Sandvox 1.6.6 Tweaks Search Engine Friendliness

We've just updated Sandvox to version 1.6.6. This is primarily a maintenance update, with fixes to a few problems that people have reported over the last few months.

The one new feature we wanted to point out is a subtle change in how file names are created. After reading a blog post by Google spokesperson Matt Cutts, we decided that it would be better for our automatically generated file names to use dashes, not underscores, to separate words. At least, this is how it will work for newly created, unpublished pages.

Here's how it works: Let's say you give your page a title like "Sandvox 1.6.6 Tweaks Search Engine Friendliness." Sandvox will automatically come up with a name for that post, based on the title of the post, by stripping out non-alphanumeric characters and substituting spaces for dashes, and truncating if the file name is going to be very long. (Sandvox wants to make sure that its files can be uploaded to just about any server, so even if your web host could handle longer names or other characters in the file name, it's better to be on the safe side.

In older versions of Sandvox, the file name would become something like "sandvox_166_tweaks_search_e.html", but in the new version, the file name will be "sandvox-166-tweaks-search-e.html". It's easier to type, and apparently easier for Google to extract the individual words from.

This file name shows up in the page details area in the lower left corner of the document window. You are free to override this title if you want — we did that for this page so that the more important words "search engine" are in there and the less important word "tweaks" is not. Note that once you explicitly override the automatically-generated title, or once you publish the page to your web host, the title will no longer change even if you change the title of your post.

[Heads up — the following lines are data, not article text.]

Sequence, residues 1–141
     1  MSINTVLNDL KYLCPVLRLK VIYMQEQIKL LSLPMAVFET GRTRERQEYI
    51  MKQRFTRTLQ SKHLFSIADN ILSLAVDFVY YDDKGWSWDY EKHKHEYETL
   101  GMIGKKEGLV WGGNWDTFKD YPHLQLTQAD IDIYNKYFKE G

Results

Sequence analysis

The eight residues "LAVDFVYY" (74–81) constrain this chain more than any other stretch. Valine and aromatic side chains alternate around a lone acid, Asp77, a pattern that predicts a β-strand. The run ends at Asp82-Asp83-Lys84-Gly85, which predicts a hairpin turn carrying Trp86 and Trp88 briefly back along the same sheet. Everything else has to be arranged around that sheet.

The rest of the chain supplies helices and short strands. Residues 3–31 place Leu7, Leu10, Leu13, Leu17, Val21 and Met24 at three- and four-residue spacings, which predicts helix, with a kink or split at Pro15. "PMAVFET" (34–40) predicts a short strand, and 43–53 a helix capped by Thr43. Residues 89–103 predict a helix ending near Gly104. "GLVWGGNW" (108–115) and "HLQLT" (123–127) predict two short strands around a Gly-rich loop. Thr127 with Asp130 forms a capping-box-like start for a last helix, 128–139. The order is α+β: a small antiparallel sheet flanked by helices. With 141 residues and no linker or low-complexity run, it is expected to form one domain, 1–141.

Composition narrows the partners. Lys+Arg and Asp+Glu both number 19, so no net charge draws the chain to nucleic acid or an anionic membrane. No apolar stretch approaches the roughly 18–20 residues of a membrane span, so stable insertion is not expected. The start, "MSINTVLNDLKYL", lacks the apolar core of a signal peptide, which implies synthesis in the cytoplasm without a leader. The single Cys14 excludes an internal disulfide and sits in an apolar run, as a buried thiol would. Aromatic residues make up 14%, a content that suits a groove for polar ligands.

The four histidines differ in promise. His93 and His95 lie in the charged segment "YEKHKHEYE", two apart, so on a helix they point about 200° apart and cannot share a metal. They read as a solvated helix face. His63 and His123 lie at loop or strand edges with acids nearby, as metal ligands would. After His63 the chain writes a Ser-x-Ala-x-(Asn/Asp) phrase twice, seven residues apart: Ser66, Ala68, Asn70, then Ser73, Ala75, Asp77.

What's important to notice is that Sandvox does not change the automatically generated file titles for any existing pages or collections. This is extremely important. Once your website is published, there is a good chance that somebody is linking to the pages on your website. It's not a good idea to be changing the file title — from which the URL is derived — on any already-published page.

If you really want your already-published pages to use dashes instead of underscores, you are welcome to change the file names and re-publish your website, but please be aware of the consequences. There may be links to your old page URLs, and if you don't delete the old files from your web host, you may end up with your old page still on your server, plus your newly-renamed page as well. That's a big mess, and you should avoid that! (If you are using Apache, you can probably get clever with .htaccess files and "Redirect" directives, but this is not for the faint of heart!

Most people will not even notice or care about this change. We just wanted to do as close to the "right thing" as possible going forward.